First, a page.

This might just be a trend: the Wall Street Journal reports on big builders offering custom big homes:
A number of big home builders are now getting into the custom-home game — an area that was once almost entirely the province of boutique builders. Companies such as John Laing Homes, Toll Brothers Inc. and K. Hovnanian Homes are all venturing into a field that takes more time, patience and hand-holding than production building.
The reason is simple: Custom-home building is more profitable for builders. And — in this tough market — it also carries less risk: Builders avoid the carrying costs of land, taxes and other monthly expenses that can come with speculative building. Because custom building caters to the upper end of the market, it’s doing better than production building right now, says Steve Melman, an economist with the National Association of Home Builders. Although home building of all types is stagnating, he says that the custom share of the market tends to go up during down times, while production building peaks during boom times. In 2007, the custom share of the market was 24%. In 2005, during the peak of the boom, the custom share was 19%.
The big attraction for home buyers is the price: Consumers usually pay less when they buy a home from a big builder than they do from a small one. Big builders benefit from economies of scale in buying materials and have developed efficient systems for negotiating with and scheduling contractors. So even though they charge more per square foot for a custom home than they do for a mass-produced one, big builders can usually undercut the price of their smaller competitors.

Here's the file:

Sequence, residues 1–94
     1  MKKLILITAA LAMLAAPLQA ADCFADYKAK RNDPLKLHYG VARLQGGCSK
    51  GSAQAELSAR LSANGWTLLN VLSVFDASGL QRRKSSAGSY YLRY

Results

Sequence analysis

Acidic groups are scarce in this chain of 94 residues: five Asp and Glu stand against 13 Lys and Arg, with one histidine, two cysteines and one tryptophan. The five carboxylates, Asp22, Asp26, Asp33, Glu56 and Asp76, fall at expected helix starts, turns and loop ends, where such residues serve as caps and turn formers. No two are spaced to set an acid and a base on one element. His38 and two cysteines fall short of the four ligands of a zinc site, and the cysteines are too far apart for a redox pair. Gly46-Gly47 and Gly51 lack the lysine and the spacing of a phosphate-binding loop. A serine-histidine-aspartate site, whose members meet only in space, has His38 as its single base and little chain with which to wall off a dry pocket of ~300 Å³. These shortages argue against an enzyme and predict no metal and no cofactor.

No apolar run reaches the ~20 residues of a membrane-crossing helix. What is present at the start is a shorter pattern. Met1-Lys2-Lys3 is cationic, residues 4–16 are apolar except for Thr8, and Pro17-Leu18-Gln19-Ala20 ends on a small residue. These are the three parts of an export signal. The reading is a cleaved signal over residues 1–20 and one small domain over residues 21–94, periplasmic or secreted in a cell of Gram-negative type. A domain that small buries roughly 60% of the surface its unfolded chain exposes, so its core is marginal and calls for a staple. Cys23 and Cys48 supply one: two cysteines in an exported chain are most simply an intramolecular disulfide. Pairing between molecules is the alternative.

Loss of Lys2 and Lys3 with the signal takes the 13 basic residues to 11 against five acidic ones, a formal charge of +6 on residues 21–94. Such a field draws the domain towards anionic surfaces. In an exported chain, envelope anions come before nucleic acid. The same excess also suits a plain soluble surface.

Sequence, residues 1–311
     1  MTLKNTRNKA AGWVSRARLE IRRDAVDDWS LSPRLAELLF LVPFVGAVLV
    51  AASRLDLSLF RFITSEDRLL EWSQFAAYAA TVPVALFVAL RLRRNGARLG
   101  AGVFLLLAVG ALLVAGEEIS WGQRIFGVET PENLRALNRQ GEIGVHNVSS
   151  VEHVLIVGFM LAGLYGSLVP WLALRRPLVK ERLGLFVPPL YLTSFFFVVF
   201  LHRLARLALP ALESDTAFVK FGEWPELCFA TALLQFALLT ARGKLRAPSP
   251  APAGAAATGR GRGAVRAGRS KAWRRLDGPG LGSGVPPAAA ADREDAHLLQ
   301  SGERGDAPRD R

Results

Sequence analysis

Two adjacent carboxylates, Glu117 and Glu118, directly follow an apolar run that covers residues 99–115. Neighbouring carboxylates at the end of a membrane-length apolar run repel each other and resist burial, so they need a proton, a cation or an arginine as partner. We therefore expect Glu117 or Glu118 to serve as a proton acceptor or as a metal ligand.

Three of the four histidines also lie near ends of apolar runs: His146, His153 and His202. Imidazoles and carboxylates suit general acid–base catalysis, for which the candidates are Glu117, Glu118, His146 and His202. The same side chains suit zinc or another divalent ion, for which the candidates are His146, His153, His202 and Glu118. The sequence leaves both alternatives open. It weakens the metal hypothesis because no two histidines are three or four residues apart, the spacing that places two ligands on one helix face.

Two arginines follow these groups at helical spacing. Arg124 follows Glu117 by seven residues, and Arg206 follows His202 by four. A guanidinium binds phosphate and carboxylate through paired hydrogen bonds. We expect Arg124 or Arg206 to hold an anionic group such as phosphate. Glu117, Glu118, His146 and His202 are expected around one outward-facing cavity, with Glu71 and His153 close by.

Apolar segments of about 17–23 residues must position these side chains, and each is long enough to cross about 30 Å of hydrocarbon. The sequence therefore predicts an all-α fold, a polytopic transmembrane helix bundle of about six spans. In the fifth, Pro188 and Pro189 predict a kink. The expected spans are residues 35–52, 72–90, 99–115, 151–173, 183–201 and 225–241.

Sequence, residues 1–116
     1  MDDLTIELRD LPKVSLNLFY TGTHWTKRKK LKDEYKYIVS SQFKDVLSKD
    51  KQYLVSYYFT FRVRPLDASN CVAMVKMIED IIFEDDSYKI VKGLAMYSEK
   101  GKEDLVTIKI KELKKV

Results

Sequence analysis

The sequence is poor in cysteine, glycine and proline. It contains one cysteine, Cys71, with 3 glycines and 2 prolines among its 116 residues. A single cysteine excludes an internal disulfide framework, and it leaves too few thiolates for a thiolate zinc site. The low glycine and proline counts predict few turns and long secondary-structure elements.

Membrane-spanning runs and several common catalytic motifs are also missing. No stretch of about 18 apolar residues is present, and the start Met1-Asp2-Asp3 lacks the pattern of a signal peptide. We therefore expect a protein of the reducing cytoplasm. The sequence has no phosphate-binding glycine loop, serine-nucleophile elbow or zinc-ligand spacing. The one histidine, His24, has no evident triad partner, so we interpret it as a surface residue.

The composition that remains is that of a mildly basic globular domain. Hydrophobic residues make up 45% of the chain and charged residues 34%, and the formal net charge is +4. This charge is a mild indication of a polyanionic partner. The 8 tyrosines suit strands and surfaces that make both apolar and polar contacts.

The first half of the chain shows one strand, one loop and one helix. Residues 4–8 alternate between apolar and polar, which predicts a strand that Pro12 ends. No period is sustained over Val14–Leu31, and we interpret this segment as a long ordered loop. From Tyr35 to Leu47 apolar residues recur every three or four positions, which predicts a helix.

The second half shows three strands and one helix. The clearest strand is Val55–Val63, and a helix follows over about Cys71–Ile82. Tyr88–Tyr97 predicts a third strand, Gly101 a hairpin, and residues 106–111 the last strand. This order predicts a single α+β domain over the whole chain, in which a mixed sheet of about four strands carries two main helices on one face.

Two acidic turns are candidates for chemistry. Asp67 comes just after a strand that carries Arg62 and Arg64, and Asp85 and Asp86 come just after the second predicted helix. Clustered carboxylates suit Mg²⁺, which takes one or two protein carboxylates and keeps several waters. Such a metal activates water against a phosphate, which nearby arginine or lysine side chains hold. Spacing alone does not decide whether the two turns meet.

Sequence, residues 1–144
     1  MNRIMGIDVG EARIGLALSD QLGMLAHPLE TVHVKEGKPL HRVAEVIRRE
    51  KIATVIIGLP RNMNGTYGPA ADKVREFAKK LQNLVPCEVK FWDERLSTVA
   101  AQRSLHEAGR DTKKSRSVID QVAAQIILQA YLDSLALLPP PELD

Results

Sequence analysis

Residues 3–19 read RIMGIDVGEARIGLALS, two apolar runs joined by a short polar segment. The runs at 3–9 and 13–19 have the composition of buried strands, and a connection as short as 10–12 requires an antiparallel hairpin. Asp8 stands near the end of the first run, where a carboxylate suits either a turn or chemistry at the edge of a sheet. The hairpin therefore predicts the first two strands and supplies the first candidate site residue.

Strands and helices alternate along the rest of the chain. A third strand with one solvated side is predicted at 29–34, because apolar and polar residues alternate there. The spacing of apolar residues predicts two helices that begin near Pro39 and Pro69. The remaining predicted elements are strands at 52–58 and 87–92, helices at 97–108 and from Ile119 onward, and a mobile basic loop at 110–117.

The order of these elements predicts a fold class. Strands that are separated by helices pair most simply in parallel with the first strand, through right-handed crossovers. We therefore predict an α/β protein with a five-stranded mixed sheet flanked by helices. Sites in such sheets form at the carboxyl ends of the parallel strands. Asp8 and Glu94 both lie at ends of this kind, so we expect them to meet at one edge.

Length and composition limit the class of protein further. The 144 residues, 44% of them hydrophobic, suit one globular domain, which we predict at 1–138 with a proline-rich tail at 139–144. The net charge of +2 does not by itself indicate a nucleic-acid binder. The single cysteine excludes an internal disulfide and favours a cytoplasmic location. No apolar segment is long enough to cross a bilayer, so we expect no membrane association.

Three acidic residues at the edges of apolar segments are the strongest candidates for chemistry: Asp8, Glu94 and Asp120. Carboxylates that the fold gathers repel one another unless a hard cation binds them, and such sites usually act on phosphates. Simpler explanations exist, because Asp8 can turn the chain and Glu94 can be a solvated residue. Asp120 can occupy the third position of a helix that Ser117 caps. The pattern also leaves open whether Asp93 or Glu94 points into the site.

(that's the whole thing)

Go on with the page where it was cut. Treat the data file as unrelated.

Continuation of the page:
Custom homes come in two forms, though both are built on an owner’s lot rather than a builder’s. True custom homes are built to an owner’s specifications; so-called “semicustom” homes evolve from a builder’s predrawn plans. Though big builders have long built “semi-custom” homes on their own lots, most only recently began to seek out customers who want to build on lots they already own.
1. While these may be custom homes, can’t these run into the issue of still being viewed as mass-produced? Where is the line between economies of scale and something truly custom?
2. Money is a big factor here: the homeowner can get a cheaper custom house and the builder can make more money with less risk. What is there to lose (except perhaps #1)?
3. I bet architects would want in on this. Architects don’t design most new houses in the United States, but they might argue builders even at the custom level still can’t quite create interesting homes (meaning truly custom) or ones that are truly built around the interests of the homeowners.